No Explanation

4th Sunday after Pentecost
July 2, 2017

1God tested Abraham. He said to him, “Abraham!” And he said, “Here I am.” 2He said, “Take your son, your only son Isaac, whom you love, and go to the land of Moriah, and offer him there as a burnt offering on one of the mountains that I shall show you.” 3So Abraham rose early in the morning, saddled his donkey, and took two of his young men with him, and his son Isaac; he cut the wood for the burnt offering, and set out and went to the place in the distance that God had shown him. 4On the third day Abraham looked up and saw the place far away. 5Then Abraham said to his young men, “Stay here with the donkey; the boy and I will go over there; we will worship, and then we will come back to you.” 6Abraham took the wood of the burnt offering and laid it on his son Isaac, and he himself carried the fire and the knife. So the two of them walked on together. 7Isaac said to his father Abraham, “Father!” And he said, “Here I am, my son.” He said, “The fire and the wood are here, but where is the lamb for a burnt offering?” 8Abraham said, “God himself will provide the lamb for a burnt offering, my son.” So the two of them walked on together.
9When they came to the place that God had shown him, Abraham built an altar there and laid the wood in order. He bound his son Isaac, and laid him on the altar, on top of the wood. 10Then Abraham reached out his hand and took the knife to kill his son. 11But the angel of the Lord called to him from heaven, and said, “Abraham, Abraham!” And he said, “Here I am.”12[The angel] said, “Do not lay your hand on the boy or do anything to him; for now I know that you fear God, since you have not withheld your son, your only son, from me.”13And Abraham looked up and saw a ram, caught in a thicket by its horns. Abraham went and took the ram and offered it up as a burnt offering instead of his son. 14So Abraham called that place “The Lord will provide”; as it is said to this day, “On the mount of the Lord it shall be provided.” – Genesis 22:1-14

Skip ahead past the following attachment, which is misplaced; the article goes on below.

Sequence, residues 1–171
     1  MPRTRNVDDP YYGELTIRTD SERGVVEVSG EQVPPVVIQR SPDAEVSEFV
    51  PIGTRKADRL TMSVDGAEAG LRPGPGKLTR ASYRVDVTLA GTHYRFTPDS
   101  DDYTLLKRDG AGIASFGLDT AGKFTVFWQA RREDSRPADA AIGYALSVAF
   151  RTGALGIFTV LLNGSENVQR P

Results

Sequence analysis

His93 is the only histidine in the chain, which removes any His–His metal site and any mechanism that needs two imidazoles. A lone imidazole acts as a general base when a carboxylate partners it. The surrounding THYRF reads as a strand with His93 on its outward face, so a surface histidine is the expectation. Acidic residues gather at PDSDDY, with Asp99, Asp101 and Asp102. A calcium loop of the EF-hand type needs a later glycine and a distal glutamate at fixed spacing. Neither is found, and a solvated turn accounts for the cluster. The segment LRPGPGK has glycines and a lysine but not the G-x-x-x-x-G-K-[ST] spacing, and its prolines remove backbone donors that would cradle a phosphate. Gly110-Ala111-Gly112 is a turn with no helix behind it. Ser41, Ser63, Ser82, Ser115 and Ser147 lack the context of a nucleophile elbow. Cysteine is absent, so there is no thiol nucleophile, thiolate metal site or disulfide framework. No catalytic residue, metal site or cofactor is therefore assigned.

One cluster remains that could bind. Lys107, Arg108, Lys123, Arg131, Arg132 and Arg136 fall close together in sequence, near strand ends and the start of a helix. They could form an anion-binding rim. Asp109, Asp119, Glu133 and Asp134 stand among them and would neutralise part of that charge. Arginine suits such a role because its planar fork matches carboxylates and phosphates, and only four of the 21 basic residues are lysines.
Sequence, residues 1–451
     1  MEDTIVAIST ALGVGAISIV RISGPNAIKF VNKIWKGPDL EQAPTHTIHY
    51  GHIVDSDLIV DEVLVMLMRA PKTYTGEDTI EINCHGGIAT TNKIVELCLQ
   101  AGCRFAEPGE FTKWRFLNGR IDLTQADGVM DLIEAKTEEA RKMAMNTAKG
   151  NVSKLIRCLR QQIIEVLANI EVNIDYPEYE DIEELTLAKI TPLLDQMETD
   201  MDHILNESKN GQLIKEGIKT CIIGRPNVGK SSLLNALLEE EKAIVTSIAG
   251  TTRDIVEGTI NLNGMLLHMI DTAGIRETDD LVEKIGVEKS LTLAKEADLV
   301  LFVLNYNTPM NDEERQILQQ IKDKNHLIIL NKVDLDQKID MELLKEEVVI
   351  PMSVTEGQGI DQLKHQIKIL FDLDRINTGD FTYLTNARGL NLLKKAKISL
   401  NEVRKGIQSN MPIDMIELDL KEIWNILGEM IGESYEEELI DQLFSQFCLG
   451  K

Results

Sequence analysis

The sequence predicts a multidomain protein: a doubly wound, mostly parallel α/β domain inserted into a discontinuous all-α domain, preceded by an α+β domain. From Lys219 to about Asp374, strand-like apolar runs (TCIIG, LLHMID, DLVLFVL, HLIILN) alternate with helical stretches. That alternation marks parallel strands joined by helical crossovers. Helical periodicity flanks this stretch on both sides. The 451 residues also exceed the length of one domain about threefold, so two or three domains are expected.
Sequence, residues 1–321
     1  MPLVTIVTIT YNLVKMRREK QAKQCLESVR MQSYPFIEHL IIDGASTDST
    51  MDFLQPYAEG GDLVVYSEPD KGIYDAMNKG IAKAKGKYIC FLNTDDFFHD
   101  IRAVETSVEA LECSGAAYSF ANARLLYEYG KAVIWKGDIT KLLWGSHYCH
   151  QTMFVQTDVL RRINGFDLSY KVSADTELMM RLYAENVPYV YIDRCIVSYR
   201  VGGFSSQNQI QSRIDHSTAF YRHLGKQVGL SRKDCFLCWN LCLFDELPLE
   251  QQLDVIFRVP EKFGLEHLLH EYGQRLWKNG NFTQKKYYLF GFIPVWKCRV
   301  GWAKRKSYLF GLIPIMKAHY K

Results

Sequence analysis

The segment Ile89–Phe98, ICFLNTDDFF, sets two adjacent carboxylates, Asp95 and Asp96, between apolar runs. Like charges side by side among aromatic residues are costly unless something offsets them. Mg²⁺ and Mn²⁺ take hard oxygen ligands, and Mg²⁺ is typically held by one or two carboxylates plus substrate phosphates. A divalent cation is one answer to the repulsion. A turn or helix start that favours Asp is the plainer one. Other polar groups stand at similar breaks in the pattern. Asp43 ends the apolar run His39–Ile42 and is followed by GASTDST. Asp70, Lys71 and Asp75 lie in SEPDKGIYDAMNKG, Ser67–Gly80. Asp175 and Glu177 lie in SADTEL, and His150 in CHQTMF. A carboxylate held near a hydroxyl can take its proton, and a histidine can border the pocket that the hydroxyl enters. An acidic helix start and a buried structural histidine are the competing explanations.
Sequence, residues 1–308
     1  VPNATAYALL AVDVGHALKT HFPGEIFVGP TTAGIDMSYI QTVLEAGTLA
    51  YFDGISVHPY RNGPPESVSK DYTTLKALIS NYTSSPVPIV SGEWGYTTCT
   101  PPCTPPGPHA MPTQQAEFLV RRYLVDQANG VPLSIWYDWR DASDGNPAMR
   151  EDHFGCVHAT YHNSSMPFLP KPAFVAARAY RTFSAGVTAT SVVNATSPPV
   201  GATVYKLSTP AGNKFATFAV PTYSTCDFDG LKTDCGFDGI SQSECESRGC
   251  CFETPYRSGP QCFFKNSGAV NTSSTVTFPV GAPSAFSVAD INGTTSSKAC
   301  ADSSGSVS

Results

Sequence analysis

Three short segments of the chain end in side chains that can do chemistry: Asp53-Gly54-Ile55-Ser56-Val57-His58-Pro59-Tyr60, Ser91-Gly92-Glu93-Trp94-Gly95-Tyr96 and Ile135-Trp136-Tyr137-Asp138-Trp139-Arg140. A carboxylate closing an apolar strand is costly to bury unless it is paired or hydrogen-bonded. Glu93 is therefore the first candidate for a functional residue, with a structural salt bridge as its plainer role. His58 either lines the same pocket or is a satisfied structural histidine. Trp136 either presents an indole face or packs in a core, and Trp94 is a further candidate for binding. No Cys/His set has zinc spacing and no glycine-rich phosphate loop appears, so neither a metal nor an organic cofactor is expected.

Listen to today’s sermon here:

There is no satisfactory explanation for the story of Abraham and Isaac. We must start there. A God who sits around coming up with way to test people’s faith is problematic. A God who tests people’s faith by encouraging them to sacrifice other human beings is unacceptable. But let us pause to consider some options for looking at this troubling story.

Jewish interpreters have often focused on the provision of God, the ram in the bushes at just the right moment. When all seems hopeless, when violence is about to be committed, when there is no other way out, what is needed is provided.

Christians have long considered this some sort of prefiguring of Christ, the child of God offered up or perhaps Christ – the ram – offered in place of us. That rests on a particular interpretation of Christ’s work, but there are some interesting connections.

Author Mary Rakow reimagines that this was not the first time Abraham sacrificed a child out of some combination of fear, shame, duty, and madness.[1] Over and over again, he had done this until finally God steps in and says, “Enough! Stop the cycle of violence.” That perspective matches how some have interpreted this story as one to counter the religious rites of nearby peoples of the time who did, from time to time offer child sacrifices. This then becomes another of God’s absurd prophetic object lessons speaking out against what is happening in the culture around God’s people.

For Paul this story is about the faith of Abraham – his willingness to unquestioningly follow God’s commands. But I tend to be very concerned when people act, especially with violence, and claim it in the name of God, claiming God has spoken personally with them to give a mission no one else knows about.

Finally, Kierkegaard famously proposed 4 possible scenarios,[2] all ultimately unsatisfying:

  • Abraham acts in response to God’s command, but does not tell Isaac that it is God’s command. Better, Abraham thinks, that Isaac should forever lose faith in his father for the sake of maintaining faith in God.
  • Abraham silently follows the commands up through the command to take the ram in place of Isaac, but Abraham can never forget that moment of his willingness to kill his own son and lives out the rest of his days with darkened eyes, and never again knows joy.
  • Abraham realizes it was sinful to have considered sacrificing his son and spend the rest of his days ruminating on his past and falling on his face before God begging forgiveness.